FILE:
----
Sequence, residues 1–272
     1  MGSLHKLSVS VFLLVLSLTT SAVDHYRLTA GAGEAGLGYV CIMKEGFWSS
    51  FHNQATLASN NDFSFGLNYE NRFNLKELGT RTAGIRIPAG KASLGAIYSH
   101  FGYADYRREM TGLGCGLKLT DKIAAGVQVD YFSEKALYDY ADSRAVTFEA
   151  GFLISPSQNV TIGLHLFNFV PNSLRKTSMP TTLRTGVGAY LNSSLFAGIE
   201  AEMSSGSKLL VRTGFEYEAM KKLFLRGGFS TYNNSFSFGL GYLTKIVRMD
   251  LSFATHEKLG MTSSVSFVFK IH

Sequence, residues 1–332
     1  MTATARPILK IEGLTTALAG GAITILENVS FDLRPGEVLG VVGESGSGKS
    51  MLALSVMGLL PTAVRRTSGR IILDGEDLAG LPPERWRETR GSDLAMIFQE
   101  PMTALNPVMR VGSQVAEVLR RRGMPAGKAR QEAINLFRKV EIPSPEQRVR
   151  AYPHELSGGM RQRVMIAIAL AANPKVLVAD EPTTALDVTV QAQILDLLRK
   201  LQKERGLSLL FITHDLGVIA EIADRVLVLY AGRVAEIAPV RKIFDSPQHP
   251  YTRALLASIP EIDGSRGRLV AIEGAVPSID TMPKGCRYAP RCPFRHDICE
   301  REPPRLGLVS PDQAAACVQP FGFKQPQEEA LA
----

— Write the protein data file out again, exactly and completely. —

Sequence, residues 1–272
     1  MGSLHKLSVS VFLLVLSLTT SAVDHYRLTA GAGEAGLGYV CIMKEGFWSS
    51  FHNQATLASN NDFSFGLNYE NRFNLKELGT RTAGIRIPAG KASLGAIYSH
   101  FGYADYRREM TGLGCGLKLT DKIAAGVQVD YFSEKALYDY ADSRAVTFEA
   151  GFLISPSQNV TIGLHLFNFV PNSLRKTSMP TTLRTGVGAY LNSSLFAGIE
   201  AEMSSGSKLL VRTGFEYEAM KKLFLRGGFS TYNNSFSFGL GYLTKIVRMD
   251  LSFATHEKLG MTSSVSFVFK IH

Sequence, residues 1–332
     1  MTATARPILK IEGLTTALAG GAITILENVS FDLRPGEVLG VVGESGSGKS
    51  MLALSVMGLL PTAVRRTSGR IILDGEDLAG LPPERWRETR GSDLAMIFQE
   101  PMTALNPVMR VGSQVAEVLR RRGMPAGKAR QEAINLFRKV EIPSPEQRVR
   151  AYPHELSGGM RQRVMIAIAL AANPKVLVAD EPTTALDVTV QAQILDLLRK
   201  LQKERGLSLL FITHDLGVIA EIADRVLVLY AGRVAEIAPV RKIFDSPQHP
   251  YTRALLASIP EIDGSRGRLV AIEGAVPSID TMPKGCRYAP RCPFRHDICE
   301  REPPRLGLVS PDQAAACVQP FGFKQPQEEA LA